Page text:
RenderMan’s Subsurface Scattering made such a big impact in achieving the look I was after. Black skin and hair hasn’t been done THAT often in CG animated films, but the level of intuitive control with RenderMan’s built in shaders allowed us to get to a look I was happy with. It also allowed us to iterate with efficiency, and that’s a very important point as time was definitely slim.

As an animator, I’ve always been really impressed with how fast and intuitive RenderMan for Maya is, especially as it pertains to motion blur. I’d say rendering efficiency was my favorite part of RenderMan, as it helped us complete the film.

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Did you use cloud rendering?

Yes, we used both Fox Render Farm and Google Zync to handle our rendering.

What excites you the most about the future of animation and rendering?

The thing that excites me the most about the future of CG animation is rendering speed. Art is all about iteration, so being able to experiment while seeing results quickly is a huge part of feeling creative. We all wish we had more time to explore and rendering seems to be going in this direction ... we can now see results faster than ever.

Real time rendering is pretty exciting to me as well. Rendering time over the course of the whole short was a considerable chunk of our resources, so decreasing that at some capacity would save so much time and money.

Grooming by Thales Simonato


Diversity and representation is a goal our industry is still working to address. What role do films such as Canvas play in breaking down these racial and cultural barriers?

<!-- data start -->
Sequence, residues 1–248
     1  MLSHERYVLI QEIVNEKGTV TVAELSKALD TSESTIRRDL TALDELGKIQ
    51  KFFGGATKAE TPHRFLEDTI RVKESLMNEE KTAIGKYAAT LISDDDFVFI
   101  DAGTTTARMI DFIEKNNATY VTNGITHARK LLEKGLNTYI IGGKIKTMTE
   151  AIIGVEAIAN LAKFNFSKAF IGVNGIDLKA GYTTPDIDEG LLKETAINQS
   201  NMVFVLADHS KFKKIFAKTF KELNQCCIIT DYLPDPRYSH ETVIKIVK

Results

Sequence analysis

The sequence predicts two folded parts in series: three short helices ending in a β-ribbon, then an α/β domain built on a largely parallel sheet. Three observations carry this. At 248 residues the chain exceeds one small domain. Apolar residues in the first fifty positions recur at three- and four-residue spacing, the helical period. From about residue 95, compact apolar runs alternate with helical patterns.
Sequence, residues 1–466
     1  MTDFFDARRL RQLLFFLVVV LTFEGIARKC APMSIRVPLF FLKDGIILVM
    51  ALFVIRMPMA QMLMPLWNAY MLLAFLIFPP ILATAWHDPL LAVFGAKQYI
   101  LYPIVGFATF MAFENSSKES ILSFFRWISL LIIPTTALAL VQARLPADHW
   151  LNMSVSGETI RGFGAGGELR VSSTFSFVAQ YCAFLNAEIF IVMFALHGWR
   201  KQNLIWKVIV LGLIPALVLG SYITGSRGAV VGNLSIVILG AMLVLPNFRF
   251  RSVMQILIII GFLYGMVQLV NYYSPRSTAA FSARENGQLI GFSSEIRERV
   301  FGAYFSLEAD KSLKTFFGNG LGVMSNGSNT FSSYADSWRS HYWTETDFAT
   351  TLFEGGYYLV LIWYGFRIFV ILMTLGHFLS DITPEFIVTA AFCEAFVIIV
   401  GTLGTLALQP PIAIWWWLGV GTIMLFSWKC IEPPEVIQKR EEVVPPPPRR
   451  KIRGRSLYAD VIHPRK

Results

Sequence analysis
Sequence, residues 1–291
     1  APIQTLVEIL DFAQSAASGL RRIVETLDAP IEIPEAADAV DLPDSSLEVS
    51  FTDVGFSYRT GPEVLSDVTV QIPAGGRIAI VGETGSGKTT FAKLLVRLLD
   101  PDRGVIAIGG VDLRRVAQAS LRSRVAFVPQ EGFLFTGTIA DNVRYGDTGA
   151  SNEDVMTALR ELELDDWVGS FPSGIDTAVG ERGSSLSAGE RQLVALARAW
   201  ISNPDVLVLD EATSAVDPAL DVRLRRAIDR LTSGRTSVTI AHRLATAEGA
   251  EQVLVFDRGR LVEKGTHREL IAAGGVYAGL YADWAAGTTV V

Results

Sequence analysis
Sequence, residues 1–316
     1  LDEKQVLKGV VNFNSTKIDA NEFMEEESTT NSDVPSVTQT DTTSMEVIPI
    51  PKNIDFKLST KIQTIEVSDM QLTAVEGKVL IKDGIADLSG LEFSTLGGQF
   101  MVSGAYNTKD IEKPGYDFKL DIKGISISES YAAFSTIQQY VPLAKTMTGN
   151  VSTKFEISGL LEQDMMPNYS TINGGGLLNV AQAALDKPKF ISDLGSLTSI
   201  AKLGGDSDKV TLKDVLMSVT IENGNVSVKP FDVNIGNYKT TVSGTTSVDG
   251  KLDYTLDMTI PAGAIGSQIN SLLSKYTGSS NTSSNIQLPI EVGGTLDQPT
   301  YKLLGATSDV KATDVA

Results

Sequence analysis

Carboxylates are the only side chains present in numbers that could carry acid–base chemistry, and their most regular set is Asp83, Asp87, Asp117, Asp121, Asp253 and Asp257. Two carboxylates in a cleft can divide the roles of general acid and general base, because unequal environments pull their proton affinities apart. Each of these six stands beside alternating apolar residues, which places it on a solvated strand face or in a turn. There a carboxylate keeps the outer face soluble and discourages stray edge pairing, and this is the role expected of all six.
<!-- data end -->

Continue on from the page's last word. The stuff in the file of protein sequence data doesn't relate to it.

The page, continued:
I think Canvas plays an important role in breaking down racial and cultural barriers in the industry both in the film itself, and the creators behind it. 

Canvas shows that we can tell stories that people can connect with, regardless of race. My characters happen to be black, but their journey and experiences are universal. And the specificity and care we put on the characters is something I think can be adopted throughout our industry. I feel like black characters don’t often get the same level of care, or research as our counterparts.

From a creator perspective, it shows that there are black creators in the industry who can create projects with a level of production quality comparable to commercial short films with significantly higher resources.


“We can tell stories that people can connect with, regardless of race.”

- Frank E. Abney III, Director of Canvas


What’s next for you and your talented team?

Our team is still out there being amazing at what they do. Many were concurrently working on fantastic projects out in the CG industry. My producer Paige Johnstone is moving up out there and still trying to help get important stories out into the world. As for myself, I’m in the process of directing a feature film at Netflix, which is another film that speaks to the much needed representation in Animation.

We’re all still trying to make our marks and make a difference ... one project at a time.